If ever there was a difficult time to be a principal, it is now. For the past half a century – the world of schooling was humming along as smooth as a factory assembly line – chalk, talk, exams, and graduation. However, the introduction of the CBSE’s new assessment framework (CCE) has knocked out some key pillars in the institution of education, leaving everyone scrambling as the roof caves in.
In this time of crisis, principals find themselves in a catch-22: if they cling to old world paradigms, they are doomed; what worked for 50 years will not work anymore. And if they want to move forward, they must take to the path of change, which is indeed a slippery slope. Change will require students and teachers to work harder and differently, as they must keep up with the existing curriculum, and simultaneously comprehend and follow an entirely new system of learning and assessment. It will also require parents to invest more in their children’s education – both in terms of time and money, as parents will no longer have the luxury of leaving education entirely in the hands of the schools.
No doubt principals will be tempted to put off taking difficult decisions in order to avert the pain induced by transformation. However, delaying action or taking incremental steps might be even more painful than taking swift ones (sometimes it’s easier to yank the bandage off than to peel it slowly!). At this moment, India needs principals who can embrace change, and boldly lead their school community through the challenges and discomforts that accompany it.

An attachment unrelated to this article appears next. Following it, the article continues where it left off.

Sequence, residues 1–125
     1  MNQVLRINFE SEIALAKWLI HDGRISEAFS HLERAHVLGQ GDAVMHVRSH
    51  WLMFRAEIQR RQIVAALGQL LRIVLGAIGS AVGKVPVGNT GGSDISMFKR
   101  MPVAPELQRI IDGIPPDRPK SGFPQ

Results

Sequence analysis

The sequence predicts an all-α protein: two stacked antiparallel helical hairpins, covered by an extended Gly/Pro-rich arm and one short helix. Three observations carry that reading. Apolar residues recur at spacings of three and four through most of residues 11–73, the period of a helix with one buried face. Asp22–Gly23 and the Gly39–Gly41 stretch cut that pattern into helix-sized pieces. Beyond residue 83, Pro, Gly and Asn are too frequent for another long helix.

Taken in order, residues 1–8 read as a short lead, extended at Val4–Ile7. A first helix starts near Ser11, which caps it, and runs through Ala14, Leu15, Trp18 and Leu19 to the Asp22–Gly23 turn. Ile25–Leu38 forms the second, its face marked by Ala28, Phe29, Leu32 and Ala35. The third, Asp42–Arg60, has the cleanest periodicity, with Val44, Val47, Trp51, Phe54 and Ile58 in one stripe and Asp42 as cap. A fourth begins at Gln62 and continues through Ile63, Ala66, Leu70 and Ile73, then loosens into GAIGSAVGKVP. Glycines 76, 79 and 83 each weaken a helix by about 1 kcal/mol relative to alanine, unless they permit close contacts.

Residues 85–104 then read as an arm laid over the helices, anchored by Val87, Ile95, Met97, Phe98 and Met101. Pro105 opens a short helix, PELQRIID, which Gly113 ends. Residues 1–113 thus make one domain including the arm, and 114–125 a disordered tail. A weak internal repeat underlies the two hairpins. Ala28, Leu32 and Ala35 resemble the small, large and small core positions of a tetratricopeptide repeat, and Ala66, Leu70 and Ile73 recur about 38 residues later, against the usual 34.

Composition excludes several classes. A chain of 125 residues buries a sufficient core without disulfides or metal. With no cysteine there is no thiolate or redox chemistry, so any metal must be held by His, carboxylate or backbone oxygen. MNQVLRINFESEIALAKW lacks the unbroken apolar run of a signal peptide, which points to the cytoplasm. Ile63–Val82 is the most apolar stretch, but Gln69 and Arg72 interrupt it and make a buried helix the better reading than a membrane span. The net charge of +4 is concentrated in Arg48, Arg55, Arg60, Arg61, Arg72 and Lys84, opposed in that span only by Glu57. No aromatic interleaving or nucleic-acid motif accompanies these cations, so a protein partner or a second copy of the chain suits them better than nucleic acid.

One way principals can effectively support this transition is by creating awareness through various media – posters, notices, websites, newsletters – and even skits that depict and explicate the various issues. When people are aware of the changes that are coming, they can prepare their minds to better deal with the impending discomforts. Second, principals can conduct workshops and interactive sessions that not only transmit information, but also solicit feedback from stakeholders and facilitate the metamorphosis. People are more inclined to cooperate when they are invited to participate in the process of change. Third, because they do not have most of the answers, principals will not be able to maintain an air of control. They will fare much better by being transparent, admitting that they too are facing challenges in this state of flux. However, they will surely win others’ confidence by demonstrating constructive attitudes – that despite great uncertainty, they are tackling the challenge positively, and will make every effort to lead their communities to a higher ground.
While some principals have lost heart standing amidst the rubble of the old world of schooling, and remain in denial of the imminent changes that must take place, others have adopted proactive approaches to help them deal with the fallout. Such stalwarts have undoubtedly earned a level of trust that is contributing to a much smoother transition to the next stage. Though change is seldom easy, it is often necessary in order to bring about a new order. But one thing is for sure: the process is infinitely more tolerable (even if it hurts a bit) when the leaders embrace change and take on the challenge with valiance and courage.
The author is an American educator, TV personality, public speaker and bestselling author based in India. He can be reached at [email protected].